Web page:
Where Was Cathy?

“Our” Representative in the U.S. House

Three days ago, in the wee hours of last Saturday morning, the fractious Republican majority (by a margin of five) in the U.S. House of Representatives finally elected Kevin McCarthy Speaker of the House—on the fifteenth ballot. It was a spectacle the like of which has not been seen since the House majority was divided by the issue of slavery in 1855. 

And a spectacle it was. Kevin McCarthy essentially abdicated decision-making to a rabid minority of Republicans in order to become the Speaker of the House (and the second in line for the presidency after the VP). 

To finally gather enough votes McCarthy made multiple concessions to fringe right Representatives Matt Gaetz, Lauren Boebert, and four others—not to finally garner a YES vote from them—but just to get them to vote “PRESENT” and thereby lower the number required. (For details on the 15 votes click here.)

What did he give up? For that, the best I’ve found comes from Tyler Durden writing on the web at ZeroHedge. Durden acquired the information second hand from Roger L. Simon, the perennial right wing opinion writer for the Epoch Times. Simon apparently got it in writing from a freshman Republican congressman. (Concessions like this aren’t usually made public—it’s too embarrassing.)

Here they are quoted from ZeroHedge:

  1. As has been reported, it will only take a single congressperson, acting in what is known as a Jeffersonian Motion, to move to remove the Speaker if he or she goes back on their word or policy agenda.
  2. A “Church” style committee will be convened to look into the weaponization of the FBI and other government organizations (presumably the CIA, the subject of the original Church Committee) against the American people. [The original Church Committee, led by Senator Frank Church (D-ID), investigated abuses by U.S. Intelligence agencies, particularly the NSA and the CIA in the 1970s.]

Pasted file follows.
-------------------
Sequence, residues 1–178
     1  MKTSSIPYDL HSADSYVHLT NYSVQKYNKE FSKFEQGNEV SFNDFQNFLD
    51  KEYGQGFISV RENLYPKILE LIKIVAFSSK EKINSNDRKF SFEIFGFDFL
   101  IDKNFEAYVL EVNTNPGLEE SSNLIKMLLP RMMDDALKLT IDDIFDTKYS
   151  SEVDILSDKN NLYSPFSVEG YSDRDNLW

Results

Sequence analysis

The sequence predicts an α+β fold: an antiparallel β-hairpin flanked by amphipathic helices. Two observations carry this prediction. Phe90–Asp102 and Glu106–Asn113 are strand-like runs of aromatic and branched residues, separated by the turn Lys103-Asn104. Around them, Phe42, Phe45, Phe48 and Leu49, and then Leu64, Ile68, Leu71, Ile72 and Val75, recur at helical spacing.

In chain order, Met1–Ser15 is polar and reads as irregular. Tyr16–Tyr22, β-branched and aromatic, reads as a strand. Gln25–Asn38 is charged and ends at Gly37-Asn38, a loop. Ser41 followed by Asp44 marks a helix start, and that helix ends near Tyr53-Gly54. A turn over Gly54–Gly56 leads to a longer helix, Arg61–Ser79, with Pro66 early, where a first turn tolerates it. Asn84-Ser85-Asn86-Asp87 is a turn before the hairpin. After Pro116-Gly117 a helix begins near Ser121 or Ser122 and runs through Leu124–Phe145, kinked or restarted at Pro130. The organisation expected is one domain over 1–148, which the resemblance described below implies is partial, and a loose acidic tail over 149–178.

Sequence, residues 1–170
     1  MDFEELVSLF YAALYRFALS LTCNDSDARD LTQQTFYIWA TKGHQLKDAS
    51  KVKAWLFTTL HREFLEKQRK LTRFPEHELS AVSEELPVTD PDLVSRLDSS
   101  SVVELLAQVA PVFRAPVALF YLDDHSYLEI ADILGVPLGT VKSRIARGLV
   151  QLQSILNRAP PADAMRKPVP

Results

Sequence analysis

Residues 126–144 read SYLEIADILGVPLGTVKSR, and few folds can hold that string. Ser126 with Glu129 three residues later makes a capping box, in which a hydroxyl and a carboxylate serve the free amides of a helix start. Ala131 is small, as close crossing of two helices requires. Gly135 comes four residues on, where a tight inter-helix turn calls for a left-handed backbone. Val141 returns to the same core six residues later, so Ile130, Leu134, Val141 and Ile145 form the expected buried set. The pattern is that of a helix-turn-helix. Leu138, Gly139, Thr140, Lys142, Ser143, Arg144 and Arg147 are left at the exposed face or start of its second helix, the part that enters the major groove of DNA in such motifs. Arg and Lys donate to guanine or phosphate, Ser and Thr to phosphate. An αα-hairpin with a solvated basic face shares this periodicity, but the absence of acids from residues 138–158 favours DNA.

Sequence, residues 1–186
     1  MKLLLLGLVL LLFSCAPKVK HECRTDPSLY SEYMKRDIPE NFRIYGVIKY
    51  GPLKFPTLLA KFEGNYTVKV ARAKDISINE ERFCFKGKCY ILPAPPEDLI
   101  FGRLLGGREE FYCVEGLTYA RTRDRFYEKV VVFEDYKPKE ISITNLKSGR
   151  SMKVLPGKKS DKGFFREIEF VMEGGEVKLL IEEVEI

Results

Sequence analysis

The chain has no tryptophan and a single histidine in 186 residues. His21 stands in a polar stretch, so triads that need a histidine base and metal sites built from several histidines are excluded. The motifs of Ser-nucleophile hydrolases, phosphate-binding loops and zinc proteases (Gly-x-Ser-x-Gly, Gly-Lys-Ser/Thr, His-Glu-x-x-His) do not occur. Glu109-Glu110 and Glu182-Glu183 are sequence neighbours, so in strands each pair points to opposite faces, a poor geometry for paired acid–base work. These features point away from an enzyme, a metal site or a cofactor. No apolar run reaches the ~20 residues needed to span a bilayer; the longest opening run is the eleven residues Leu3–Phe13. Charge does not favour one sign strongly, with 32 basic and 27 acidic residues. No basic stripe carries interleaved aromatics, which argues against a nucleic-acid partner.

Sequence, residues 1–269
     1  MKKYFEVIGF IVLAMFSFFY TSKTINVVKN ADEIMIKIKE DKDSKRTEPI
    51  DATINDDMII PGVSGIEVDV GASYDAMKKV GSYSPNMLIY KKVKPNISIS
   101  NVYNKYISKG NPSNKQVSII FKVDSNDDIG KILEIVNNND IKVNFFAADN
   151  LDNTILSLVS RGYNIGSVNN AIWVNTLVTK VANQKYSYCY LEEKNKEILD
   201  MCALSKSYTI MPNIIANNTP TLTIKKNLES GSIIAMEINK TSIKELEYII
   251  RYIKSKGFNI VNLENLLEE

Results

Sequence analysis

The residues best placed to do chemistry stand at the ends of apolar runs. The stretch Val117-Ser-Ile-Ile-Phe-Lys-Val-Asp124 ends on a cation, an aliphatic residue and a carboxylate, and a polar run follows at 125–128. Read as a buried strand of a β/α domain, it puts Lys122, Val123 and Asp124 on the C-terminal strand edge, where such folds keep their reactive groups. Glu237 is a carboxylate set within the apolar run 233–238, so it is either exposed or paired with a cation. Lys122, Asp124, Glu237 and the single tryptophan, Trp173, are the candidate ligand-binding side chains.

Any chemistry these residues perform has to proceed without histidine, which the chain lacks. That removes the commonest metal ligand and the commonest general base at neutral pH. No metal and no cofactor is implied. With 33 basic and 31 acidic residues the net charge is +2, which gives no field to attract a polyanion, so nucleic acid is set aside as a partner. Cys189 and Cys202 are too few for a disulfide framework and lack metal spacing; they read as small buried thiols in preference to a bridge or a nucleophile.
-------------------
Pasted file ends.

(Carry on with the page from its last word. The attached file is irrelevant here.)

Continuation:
3. Term limits will be put up for a vote.
  4. Bills presented to Congress will be single subject, not omnibus with all the attendant earmarks, and there will be a 72-hour minimum period to read them.
  5. The Texas Border Plan will be put before Congress. From The Hill: “The four-pronged plan aims to ‘Complete Physical Border Infrastructure,’ ‘Fix Border Enforcement Policies,’ ‘Enforce our Laws in the Interior’ and ‘Target Cartels & Criminal Organizations.’”
  6. COVID mandates will be ended as will all funding for them, including so-called “emergency funding.”
  7. Budget bills would stop the endless increases in the debt ceiling and hold the Senate accountable for the same.

Of course, points one through six will form the basis for political performance, since none of this (for the next two years) has a chance of producing legislation that could pass in the Senate. However, the United States government, as a whole, is still dependent on the U.S. House of Representatives to appropriate funds and raise the debt ceiling so that the government can continue to function. (See Origination ClauseArticle I, Section 7, Clause 1 of the U.S. Constitution.)